Canadians all thought the same thing when Peter C. Newman launched his book about the clandestine tapes that he made over the years in private discussions with former Prime Minister Brian Mulroney.
We could all agree that Newman’s perfidious actions would be considered vile no matter one’s sentiments of the last elected Conservative Prime Minister.
Similarly, most of us shook our heads when the CBC announced their straight-to-prime-time-pre-election knock-off of the same.
Yet, as a consumer of politics (a junkie perhaps), I decided to sit down for a couple of hours with Peter C and the CBC as they took shots at Brian Mulroney.
However, as the documentary unfolded I become more and more intrigued. The CBC certainly framed Newman’s content upon Mulroney’s back-to-back majorities but at times the documentary became inquisitive of Newman’s motives and even rightly alleged that Newman had betrayed his old friend.
This was certainly the assessment of a non-political friend who was watching as well. “This documentary is making me feel sympathy for Mulroney. Newman betrayed Mulroney. His comments aren’t shocking. Everyone has opinions, so what?” Indeed, just because someone says Fuddle-duddle, does it greenlight Canadians to go negative?
Beyond the ominous background music juxtaposed with still frames of Mulroney and overexposed B&W headlines critical of the Conservatives, I was fascinated by what I was watching. Not often do we have a chance to fill in the blanks in the historical record, but Peter C. Newman, despite his treachery, has offered Canadians a first-hand point of view on history.
While Newman ultimately betrayed his old friend, I would argue that he also did him a favour as well. By releasing private conversations for public consumption he has, in essence, presented Brian Mulroney’s account of his own record, in the former Prime Minister’s own words. The conversations were private and were never meant for public performance. Since the chats were between two close friends, not many would argue that the discussions weren’t frank and honest.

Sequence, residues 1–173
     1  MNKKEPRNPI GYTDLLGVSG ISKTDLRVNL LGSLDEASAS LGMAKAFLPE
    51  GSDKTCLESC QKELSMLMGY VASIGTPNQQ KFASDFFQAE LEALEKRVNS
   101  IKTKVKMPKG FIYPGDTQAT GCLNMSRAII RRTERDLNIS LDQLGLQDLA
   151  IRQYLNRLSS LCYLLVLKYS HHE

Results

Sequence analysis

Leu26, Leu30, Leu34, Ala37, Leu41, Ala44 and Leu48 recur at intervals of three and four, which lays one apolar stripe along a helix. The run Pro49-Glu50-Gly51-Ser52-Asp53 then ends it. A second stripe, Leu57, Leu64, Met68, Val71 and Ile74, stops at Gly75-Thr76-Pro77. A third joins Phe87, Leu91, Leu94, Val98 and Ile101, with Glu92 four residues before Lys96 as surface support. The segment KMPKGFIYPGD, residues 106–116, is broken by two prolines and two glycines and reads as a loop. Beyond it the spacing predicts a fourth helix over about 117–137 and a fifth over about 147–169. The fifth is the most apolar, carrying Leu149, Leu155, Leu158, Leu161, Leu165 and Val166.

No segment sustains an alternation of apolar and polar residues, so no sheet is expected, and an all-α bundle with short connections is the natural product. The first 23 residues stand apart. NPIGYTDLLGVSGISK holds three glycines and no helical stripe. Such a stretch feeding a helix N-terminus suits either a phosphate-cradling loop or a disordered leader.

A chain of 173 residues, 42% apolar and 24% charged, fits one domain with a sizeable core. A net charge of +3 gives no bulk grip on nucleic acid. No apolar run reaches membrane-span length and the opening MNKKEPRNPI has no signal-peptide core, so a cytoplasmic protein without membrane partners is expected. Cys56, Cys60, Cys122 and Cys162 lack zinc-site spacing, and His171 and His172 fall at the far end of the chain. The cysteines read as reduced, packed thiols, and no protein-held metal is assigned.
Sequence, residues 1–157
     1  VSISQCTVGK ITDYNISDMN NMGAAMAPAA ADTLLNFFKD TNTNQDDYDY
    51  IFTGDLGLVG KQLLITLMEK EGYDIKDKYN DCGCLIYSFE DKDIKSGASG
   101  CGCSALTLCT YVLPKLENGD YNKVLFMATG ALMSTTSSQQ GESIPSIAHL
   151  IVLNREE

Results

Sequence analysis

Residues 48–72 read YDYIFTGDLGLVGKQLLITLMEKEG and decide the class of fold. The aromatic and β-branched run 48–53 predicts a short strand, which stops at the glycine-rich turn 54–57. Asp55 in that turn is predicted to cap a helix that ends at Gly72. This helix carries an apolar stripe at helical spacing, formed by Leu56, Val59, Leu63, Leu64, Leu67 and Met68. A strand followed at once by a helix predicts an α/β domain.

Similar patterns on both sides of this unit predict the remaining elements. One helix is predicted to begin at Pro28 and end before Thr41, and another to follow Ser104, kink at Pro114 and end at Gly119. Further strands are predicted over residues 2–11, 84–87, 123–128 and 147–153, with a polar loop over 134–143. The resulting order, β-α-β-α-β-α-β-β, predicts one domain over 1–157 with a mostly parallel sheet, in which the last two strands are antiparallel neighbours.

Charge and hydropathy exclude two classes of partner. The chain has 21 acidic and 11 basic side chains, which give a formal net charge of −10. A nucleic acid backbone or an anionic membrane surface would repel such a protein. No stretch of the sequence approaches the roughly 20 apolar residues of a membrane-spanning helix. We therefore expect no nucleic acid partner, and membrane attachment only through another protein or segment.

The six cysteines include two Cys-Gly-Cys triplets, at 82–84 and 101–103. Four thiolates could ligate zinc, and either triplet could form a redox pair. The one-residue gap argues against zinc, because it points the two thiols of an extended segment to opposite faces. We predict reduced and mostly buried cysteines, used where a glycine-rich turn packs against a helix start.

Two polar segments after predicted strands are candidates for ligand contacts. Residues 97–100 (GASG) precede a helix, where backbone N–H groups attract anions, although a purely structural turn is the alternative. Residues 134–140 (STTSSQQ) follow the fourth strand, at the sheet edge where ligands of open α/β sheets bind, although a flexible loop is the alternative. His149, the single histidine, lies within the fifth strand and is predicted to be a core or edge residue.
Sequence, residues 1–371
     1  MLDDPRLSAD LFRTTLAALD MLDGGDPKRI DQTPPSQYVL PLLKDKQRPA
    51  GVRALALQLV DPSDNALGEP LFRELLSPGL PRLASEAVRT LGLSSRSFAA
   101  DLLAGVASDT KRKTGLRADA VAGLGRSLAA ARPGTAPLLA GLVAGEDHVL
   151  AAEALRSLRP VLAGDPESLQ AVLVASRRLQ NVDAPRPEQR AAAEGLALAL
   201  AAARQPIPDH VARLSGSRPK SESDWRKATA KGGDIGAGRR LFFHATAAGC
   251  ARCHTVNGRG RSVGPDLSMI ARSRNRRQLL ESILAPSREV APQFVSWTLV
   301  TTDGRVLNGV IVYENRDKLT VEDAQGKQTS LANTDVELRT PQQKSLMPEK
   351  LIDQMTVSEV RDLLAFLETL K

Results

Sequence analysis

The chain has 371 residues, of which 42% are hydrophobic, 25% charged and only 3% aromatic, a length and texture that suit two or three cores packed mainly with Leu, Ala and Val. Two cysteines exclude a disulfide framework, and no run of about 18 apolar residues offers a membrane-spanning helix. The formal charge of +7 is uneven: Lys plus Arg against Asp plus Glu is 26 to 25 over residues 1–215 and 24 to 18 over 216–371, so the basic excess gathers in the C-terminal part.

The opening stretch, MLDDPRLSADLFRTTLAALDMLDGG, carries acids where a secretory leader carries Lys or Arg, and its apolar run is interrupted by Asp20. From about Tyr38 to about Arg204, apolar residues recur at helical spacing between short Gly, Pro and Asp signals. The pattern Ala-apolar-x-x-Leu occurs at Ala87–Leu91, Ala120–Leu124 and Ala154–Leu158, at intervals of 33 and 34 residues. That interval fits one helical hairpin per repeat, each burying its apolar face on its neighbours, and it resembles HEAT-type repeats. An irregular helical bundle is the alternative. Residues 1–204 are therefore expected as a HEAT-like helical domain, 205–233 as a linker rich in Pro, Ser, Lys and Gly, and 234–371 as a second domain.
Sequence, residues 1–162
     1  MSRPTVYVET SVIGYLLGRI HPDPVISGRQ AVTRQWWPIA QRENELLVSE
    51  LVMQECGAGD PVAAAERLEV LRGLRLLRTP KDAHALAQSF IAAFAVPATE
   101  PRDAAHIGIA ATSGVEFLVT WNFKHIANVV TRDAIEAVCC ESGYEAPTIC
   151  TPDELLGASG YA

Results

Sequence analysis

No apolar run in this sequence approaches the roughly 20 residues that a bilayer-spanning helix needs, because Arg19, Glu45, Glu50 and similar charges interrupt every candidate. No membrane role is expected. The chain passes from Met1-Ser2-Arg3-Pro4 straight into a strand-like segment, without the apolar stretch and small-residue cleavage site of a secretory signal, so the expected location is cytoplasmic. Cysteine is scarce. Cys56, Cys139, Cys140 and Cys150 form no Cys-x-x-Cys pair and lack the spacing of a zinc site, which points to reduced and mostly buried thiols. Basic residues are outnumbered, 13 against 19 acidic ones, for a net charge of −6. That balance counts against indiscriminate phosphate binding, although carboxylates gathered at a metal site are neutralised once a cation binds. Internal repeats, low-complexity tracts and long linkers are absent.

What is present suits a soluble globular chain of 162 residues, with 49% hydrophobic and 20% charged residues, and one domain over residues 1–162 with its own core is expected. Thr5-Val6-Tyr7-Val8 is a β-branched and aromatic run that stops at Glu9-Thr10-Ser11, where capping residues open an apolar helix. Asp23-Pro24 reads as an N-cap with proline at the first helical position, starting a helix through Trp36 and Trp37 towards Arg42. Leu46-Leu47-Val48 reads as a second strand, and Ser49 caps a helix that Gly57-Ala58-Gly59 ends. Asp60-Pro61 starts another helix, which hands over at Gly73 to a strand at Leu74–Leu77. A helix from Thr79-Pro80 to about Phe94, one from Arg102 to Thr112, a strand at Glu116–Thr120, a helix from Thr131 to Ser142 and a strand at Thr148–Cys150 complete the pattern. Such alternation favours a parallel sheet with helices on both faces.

Mulroney’s perceptions on a variety of topics from the Tuna “crisis” (in which he questions the over-reaction of the Opposition and the press – he notes that no one even became ill) to Meech lake and Charlottetown gave Canadians an unspun opinion.
The private and friendly conversations between the former PM and Newman were well above the rhetoric and spin reserved for the ‘hated’ Press Gallery; the conversations were genuine.
We learn for example that Mulroney believed that Meech Lake was the best deal ever offered and that Trudeau and Liberal Newfoundland Premier Clyde Wells ultimately screwed the deal for personal partisan posturing. Mulroney confided in Newman that he believed that if Meech had gone through without Liberal interference, the Quebec sovereignty issue would have ultimately been averted.
Charlottetown, according to Mulroney, was another betrayal by Wells, Chretien and by Bouchard. History may now judge that it wasn’t a lack of Mulroney’s ideological capability that caused the constitutional crisis; the Quebec sovereignty crisis was instead rooted in Liberal political posturing and in betrayal.
Ego is certainly not in short supply to those who desire Canada’s top job. It is interesting to note that it was that of Mulroney that drove him to bring Quebec into the constitution and to unite Canada at great electoral detriment to the Conservatives, while it was the ego of Chretien that attempted to manage the Quebec crisis (that he helped precipitate) to great financial benefit to the Liberals.
While historically fascinating, the CBC still released a documentary which was personally embarrassing to Conservative PM Brian Mulroney a week before a national election campaign. Consider that our national broadcaster has produced two rosy “rock-star” mini-series portrayals of Trudeau. This documentary was also produced with a remarkable turnaround time since Newman announced his book a few short months ago.
Consider this in the context of recent events. The most significant scandal in Canadian history has now been unfolding for a couple of years. The Sponsorship scandal has provided a gripping story of corruption, betrayal and criminality. I can’t wait to see the CBC’s documentary.